I miss his voice: Remembering Maher Hathout
As a rabbi who ran an interfaith organization, I had the opportunity to build deep relationships in the Muslim-American community. And because of those relationships and my understanding of what Dr. Maher Hathout meant to that community, I mourn his passing. He and I had few one-on-one interactions but I can say without equivocation that when I was in his presence, his wisdom and integrity were palpable. There was something in him that I hope to embody in myself as a religious leader.
I say this knowing how polarizing he was to the Jewish community with his provocative statements about Israel. I want to be clear that my mourning ought not to be mistaken for agreement with his perspective. There were times when I felt myself triggered and upset by how he depicted the conflict. But limiting a discussion of him in the Jewish community to his politics on Israel does a grave injustice to the historical importance of this man.
I cannot overstate the role that Dr. Maher Hathout played in the American Muslim community. He was a founding father, a visionary who held a mirror up to his community and built a distinctly progressive American form of Islam shaped by and for our cultural context.
When navigating the interfaith world, I often make the claim that part of the tension between American Muslims and Jews emerges from a discrepancy in our communal infrastructures. Jews experience a void of Muslim voices in mainstream spaces in part because they do not have the robust array of organizations to represent their interests. While Muslim communities have existed in America for centuries, the major influx of Muslim immigrants from the Middle East and South Asia began in the middle of the 20th century. To put it more crassly, American Muslim organizations are about 80 to 100 years behind those of American Jews.
Dr. Maher Hathout was a leader in that early wave of Muslim immigrants to the United States who saw the American context as a blessing for Islam. His vision and leadership built those early institutions with purpose. “Home is not where you grandparents are buried but where your grandchildren will be raised,” he famously stated. And he was not afraid to be a voice of self-critique in his own community. His progressive, egalitarian values invited questioning, marginalized extremism, and raised an entire generation of thoughtful leaders. The fact that so many of today’s rising Muslim leaders in the mainstream are his disciples is no coincidence.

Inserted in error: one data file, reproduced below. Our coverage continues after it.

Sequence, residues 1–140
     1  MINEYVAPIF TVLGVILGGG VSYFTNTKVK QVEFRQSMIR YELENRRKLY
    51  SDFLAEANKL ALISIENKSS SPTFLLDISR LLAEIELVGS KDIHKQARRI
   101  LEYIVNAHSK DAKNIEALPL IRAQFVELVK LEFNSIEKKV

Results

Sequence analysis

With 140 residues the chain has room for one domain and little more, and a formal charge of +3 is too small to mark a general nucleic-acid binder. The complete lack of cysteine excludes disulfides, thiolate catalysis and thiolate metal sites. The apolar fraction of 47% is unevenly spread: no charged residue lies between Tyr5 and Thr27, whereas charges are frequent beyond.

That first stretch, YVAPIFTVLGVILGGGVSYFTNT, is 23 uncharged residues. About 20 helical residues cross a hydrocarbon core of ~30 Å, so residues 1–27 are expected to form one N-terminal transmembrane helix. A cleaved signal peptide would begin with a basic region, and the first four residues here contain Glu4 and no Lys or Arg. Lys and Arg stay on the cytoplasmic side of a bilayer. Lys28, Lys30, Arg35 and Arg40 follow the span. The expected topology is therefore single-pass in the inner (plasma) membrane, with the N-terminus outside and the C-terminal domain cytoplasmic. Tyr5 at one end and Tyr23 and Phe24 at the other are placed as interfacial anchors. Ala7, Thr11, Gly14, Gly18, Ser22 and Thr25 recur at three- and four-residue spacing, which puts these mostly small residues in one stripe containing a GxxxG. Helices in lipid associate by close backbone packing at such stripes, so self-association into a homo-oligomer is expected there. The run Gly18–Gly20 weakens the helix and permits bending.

To translate his significance to the Jewish context, his passing would be like the death of our early Reformers – Isaac Mayer Wise and David Einhorn. These giants of Reform Judaism defined what it meant to be Jewish and American simultaneously without apology or compromise. That is who Dr. Hathout was for so many of my Muslim friends who mourn him.
In the wake of the terrible terrorist attacks in Paris, I miss his voice. He would have been unequivocal in condemnation to reclaim Islam for the center. I am grateful that his legacy was influential enough to leave a new generation to step up and fill that role.
Rabbi Sarah Bassin serves as the assistant rabbi at Temple Emanuel of Beverly Hills. She also serves on the board of NewGround: A Muslim-Jewish Partnership for Change after her tenure at that organization as executive director